• “The field of nutrition has been corrupted in healthcare for most of its academic, modern history. We’ve been given the food pyramid and we’ve had the food industry tell us things like, ‘Breakfast is the most important meal of the day,’ That came from a General Mills marketing campaign.” – [1:03:34]
  • Is fat bad for? – [1:04:04]
  • Why don’t doctors have courses on nutrition? – [1:04:37]
  • Ideas for how to improve medical education. And if the apprenticeship model is possible – [1:05:53]
  • Marty touts the curriculum at Jefferson Medical school. “Steve Klasko is doing incredible work. He’s basically accepting students based on empathy and self-awareness. And then he says, ‘If you meet a certain benchmark grade point average (say a 3.4 or higher), I’m just going to hire based on empathy and awareness and communication skills.” – [1:07:28]
  • In Marty’s book, “Unaccountable,” he mentions that the school you go to isn’t the highest determinant of a successful surgery. Repetition is. [1:08:08]
  • Two qualities to look for in a doctor: 1. Someone who is responsive (ask the nurses if this doctor shows up in the middle of the night when their patient needs them. 2. Volume – [1:09:32]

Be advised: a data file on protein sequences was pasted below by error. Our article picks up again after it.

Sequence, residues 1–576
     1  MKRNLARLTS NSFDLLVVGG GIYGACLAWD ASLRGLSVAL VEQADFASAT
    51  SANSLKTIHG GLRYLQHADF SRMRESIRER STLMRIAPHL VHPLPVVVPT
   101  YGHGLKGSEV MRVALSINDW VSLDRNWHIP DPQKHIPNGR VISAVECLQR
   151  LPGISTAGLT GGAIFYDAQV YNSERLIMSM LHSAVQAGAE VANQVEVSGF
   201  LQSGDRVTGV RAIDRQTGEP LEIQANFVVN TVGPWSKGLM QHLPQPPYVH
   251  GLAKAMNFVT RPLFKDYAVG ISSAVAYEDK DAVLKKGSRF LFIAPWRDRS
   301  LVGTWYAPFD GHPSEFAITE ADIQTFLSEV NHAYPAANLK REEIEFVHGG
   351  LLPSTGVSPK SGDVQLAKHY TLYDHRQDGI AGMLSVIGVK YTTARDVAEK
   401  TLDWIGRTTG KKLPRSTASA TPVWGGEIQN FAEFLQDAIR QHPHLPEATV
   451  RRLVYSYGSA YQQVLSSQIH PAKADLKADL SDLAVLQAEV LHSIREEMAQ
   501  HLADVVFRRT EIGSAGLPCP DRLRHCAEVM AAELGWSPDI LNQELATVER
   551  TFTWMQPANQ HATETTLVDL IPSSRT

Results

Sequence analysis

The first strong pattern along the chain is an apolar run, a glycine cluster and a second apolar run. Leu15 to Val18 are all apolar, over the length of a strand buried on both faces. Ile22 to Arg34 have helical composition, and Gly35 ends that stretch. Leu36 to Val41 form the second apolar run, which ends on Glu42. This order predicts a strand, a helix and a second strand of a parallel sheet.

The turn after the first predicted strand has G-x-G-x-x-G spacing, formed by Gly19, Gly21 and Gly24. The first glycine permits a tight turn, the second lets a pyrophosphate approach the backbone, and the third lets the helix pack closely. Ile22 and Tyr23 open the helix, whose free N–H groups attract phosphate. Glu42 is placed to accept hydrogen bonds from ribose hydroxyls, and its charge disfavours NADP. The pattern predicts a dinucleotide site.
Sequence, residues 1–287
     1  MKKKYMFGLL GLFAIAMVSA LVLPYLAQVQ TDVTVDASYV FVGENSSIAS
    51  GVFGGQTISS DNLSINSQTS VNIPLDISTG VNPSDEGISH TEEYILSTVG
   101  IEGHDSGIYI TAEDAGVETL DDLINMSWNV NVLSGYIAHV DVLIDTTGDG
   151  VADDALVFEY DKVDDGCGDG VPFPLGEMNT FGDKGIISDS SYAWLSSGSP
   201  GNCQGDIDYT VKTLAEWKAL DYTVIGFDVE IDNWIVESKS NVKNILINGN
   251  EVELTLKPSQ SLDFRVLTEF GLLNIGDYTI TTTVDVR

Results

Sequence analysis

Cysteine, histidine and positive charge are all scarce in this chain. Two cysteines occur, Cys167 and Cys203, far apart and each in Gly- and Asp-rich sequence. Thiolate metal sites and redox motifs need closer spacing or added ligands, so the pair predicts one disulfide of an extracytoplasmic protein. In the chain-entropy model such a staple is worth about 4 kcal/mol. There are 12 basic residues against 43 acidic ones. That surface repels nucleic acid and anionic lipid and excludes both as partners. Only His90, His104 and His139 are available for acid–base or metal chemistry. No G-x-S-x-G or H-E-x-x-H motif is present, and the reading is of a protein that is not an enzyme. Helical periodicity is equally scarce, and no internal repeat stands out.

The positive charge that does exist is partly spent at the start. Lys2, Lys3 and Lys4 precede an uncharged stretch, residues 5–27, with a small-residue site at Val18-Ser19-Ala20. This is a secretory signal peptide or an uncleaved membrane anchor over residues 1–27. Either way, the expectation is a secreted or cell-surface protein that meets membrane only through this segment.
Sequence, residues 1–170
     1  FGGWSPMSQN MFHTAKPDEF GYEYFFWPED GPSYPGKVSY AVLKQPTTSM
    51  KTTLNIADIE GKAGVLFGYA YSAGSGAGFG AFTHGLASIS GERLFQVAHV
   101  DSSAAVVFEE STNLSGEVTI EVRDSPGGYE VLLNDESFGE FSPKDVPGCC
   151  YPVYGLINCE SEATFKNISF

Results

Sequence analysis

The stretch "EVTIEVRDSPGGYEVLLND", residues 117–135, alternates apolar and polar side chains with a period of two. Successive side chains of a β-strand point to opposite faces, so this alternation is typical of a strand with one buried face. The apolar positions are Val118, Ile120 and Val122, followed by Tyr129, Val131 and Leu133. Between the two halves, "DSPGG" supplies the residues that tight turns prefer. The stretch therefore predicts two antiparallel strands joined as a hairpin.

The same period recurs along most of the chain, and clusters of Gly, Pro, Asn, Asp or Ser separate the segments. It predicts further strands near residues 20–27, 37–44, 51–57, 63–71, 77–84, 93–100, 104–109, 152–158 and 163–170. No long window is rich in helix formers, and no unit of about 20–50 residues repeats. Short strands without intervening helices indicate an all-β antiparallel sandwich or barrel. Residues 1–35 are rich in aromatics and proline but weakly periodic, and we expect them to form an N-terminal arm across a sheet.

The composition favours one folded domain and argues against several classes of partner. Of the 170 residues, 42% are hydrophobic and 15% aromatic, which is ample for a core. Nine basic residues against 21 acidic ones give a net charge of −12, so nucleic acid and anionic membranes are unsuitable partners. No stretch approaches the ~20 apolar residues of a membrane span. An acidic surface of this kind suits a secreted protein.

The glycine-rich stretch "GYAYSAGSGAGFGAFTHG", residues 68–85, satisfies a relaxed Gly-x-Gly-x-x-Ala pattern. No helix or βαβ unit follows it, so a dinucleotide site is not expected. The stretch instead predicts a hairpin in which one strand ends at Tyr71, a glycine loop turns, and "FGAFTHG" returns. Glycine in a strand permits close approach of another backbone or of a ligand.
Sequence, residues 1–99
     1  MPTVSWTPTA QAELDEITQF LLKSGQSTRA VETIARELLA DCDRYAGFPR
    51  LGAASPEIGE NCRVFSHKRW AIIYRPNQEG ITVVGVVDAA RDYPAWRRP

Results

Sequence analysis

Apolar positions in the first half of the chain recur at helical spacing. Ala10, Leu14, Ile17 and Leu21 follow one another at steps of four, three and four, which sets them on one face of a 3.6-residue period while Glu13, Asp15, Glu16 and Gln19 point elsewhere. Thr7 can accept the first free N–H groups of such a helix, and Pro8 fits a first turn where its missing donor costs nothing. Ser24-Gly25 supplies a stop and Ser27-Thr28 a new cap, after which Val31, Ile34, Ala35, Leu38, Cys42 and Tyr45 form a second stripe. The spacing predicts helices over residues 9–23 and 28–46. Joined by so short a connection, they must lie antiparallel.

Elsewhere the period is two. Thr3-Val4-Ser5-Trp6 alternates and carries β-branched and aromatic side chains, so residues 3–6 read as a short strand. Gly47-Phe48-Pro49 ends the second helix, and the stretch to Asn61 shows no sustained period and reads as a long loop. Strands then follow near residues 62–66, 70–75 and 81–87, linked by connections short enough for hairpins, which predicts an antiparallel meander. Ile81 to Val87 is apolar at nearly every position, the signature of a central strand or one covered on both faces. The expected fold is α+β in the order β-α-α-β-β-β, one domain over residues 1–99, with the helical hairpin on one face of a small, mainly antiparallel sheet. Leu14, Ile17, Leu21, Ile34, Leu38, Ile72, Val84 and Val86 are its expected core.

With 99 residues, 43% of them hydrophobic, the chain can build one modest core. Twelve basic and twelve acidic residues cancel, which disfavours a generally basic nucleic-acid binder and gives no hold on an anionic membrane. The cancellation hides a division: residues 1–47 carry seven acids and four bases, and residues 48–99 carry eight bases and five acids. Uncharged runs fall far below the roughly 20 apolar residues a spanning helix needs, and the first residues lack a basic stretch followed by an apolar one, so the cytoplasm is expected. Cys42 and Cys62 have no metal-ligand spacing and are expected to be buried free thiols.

• What qualities to look for in a diagnostic doctor: humility and listening skills. I ask, “What is a diagnostic doctor?” [1:10:24]
  • How to avoid the trap of a specialist – [1:11:27]
  • The blood test that predicts early heart disease… and few doctors have heard of: Lipoprotein little A. Marty says, “Every person in the United States should get at some point in their life:” – [1:12:10]
  • I ask Marty about MRI’s and CAT scans – [1:12:59]
  • We discuss cancer testing. How do you test for cancers that are asymptomatic until it’s too late? [1:14:03]
  • The debate among doctors about mammograms and what age to start – [1:15:06]
  • Health podcast recommendation: The Peter Attia Drive Podcast – [1:15:34]
  • Another mistake in the U.S. healthcare system: it’s majorly based on anglo-saxion, Euro-Americans. And doesn’t account for other ethnicities – [1:16:35]